• JD says:

              Hi, Kathy Kroll,

              If you can, add some chicken feet, necks (either chicken or turkey) to your stock. I cook the hard bones first, until soft. Then I add the softer, collagenous tissue (feet, necks, gristle, etc) and cook until they are dissolving or nearly dissolving into the water. Hope this helps…

          18. Heather Alger Dessinger via FB says:

            Kathy Kroll Damron – My friend Kristen of Food Renegade has some troubleshooting ideas you may find helpful:

          19. Rebecca Culley-Healey via FB says:

            Mary Palazzola

          20. Kathy Kroll Damron via FB says:

            Thanks! It seems perhaps I need to locate some chicken feet to add…..?

          21. jennie says:

            Is it ok to reuse the bones for multiple batches of broth? I add fresh bones too, but feel like I should get every last bit of nutrition from them. Thanks, Jennie

            • Kathy says:

              After the chicken bones are cooked enough, I can smash them with a fork. I then add them to the food processor & grind them to bone mush & give it to my dogs. They love it.

          22. Becky McNeil via FB says:

            The chicken feet make all the difference when it comes to the gel.

          23. laura says:

            I had so many jars break when I first started freezing my broth. Make sure caps are tight and lay the jars on their sides in the freezer (I put a cake pan under them until they are frozen, just in case they leak.) I don’t remember where I read it, but I haven’t had a broken jar since I began doing it this way. By the way, your broth was the most gorgeous color!

          24. I had so many jars break when I first started freezing my broth. Make sure caps are tight and lay the jars on their sides in the freezer (I put a cake pan under them until they are frozen, just in case they leak.) I don’t remember where I read it, but I haven’t had a broken jar since I began doing it this way. By the way, your broth was the most gorgeous color!

          25. Kathy, My stock only gels some of the time, maybe 25%. I use the same method, even the same brand of chicken with each batch but the gelling is hit or miss. Regardless, the broth is delicious, so much better than the stuff in a box and it is deeply nourishing. Don’t be too hard on yourself about this small detail… You are amazing for taking the time to make it from scratch! Grace… Give yourself some grace!

          26. Shanna says:

            I have beef soup bones but they are not ‘meaty’ (with meat on them). Should I still roast them first? And if so, what temp & how long? Thanks to anyone who can help. :)

          27. Cheryl says:

            My theory for preventing breakage is to use jars where the mouth is as wide as the jar. I use mason canning jars, but I also use old salad dressing jars (from when I used to buy salad dressing). I know people who leave lots of headspace and still get broken jars. I think it may be the pressure from the freezing liquid pushing up on the glass “shoulders” instead of into empty space. Hope that makes sense.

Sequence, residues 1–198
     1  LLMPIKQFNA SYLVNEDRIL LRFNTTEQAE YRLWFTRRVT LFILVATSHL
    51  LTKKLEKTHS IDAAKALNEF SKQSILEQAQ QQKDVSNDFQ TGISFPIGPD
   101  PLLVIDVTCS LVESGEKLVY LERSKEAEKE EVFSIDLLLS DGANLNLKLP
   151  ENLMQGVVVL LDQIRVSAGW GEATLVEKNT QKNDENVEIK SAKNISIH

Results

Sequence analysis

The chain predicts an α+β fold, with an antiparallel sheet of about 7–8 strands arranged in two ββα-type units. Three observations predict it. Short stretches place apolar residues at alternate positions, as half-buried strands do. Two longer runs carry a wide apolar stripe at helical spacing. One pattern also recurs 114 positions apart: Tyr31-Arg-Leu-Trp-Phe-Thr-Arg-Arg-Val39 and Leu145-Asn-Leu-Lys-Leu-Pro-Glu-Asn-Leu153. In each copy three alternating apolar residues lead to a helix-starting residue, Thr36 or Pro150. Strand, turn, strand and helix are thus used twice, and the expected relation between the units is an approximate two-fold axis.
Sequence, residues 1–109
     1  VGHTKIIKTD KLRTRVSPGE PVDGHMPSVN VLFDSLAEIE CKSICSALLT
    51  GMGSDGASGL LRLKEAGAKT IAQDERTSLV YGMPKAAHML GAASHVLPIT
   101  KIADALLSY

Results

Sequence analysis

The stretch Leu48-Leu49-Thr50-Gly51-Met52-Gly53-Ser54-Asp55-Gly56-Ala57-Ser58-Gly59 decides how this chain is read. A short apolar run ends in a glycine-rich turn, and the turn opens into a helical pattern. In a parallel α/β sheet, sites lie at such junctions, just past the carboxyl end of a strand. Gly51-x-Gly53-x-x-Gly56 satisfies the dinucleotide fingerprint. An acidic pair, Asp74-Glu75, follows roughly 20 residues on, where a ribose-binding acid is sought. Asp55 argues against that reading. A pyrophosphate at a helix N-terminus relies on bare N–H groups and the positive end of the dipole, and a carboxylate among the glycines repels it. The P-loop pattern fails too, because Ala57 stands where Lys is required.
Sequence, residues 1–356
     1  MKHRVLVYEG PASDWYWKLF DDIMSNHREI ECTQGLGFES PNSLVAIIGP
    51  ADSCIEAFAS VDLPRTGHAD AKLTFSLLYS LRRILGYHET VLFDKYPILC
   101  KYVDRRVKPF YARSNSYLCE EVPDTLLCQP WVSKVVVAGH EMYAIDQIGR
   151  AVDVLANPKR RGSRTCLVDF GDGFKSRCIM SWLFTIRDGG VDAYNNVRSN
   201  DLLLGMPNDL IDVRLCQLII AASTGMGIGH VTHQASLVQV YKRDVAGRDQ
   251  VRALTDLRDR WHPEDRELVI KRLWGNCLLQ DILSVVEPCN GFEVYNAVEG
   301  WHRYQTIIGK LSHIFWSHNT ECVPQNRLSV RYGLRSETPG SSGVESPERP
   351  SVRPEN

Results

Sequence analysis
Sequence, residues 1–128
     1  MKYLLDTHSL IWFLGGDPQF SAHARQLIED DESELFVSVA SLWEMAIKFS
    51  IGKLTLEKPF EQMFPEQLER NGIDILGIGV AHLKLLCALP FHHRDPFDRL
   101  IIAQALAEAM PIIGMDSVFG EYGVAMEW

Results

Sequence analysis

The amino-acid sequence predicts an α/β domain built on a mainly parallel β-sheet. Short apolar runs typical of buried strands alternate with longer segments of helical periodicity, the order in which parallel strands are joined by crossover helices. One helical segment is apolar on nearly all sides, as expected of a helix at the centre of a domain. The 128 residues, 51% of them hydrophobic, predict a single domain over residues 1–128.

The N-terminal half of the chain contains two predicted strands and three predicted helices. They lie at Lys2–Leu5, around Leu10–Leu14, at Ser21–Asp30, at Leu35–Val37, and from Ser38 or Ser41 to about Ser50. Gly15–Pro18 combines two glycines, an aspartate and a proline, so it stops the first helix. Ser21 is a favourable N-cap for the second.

Anyway, the only broken jar I have ever had was from trying to thaw it too fast in a pan of hot water. Be sure not to do that either :)

          28. Oli says:

            This couldn’t come at a better time as I have been thinking about making broth for a while. I was just diagnosed with diverticulitis..lucky me and they recommend broth to see if the gut will heal itself with lots of fiber. I thought I was golden since I am on a strict GF diet for the past 18 years, but make sure you have plenty of fiber in your diet too. Chicken feet are very good for jelling as my grandmothers always used them. Buy a bunch on sale if they are having one and freeze the ones you don’t use this time. I just stick the bones in a big bag after the meat is taken off and cooled, and keep adding to it for the next time. Thanks again for coming back stronger than before. I would love to have a video about canning veggies, fruits, and jams and jellies. (trying to stay away from processed sugars) without traditional sugars.
            People that hate are usually can’t stand it when others do well…and your doing great. So keep it up..They just need a good old fashioned Titty Twister…..make it hurt as you keep excelling. Looking forward to more.

          29. Jenny says:

            We like you!!!!! People have been, are, and will be nasty, cruel, mean, vindictive, etc, etc. I am continually shocked and sometimes brought to tears also by the cruelty of humans, not sure if they should be called that though. I really like your blog. My daughter has two little ones here on earth and two in heaven and loves your blog because she has the “same bend and thoughts on life” you do. I have discovered you really really can’t please everyone all the time. Taken 48 years to kinda figure that out. Don’t even try. I have tried to live by and teach my kids the motto “if your conscience is clear, let it go.” And, that is
            a work in progress for all of us. Keep blogging and being you. Many love you for you. You do an amazing job and inspire me. Thanks.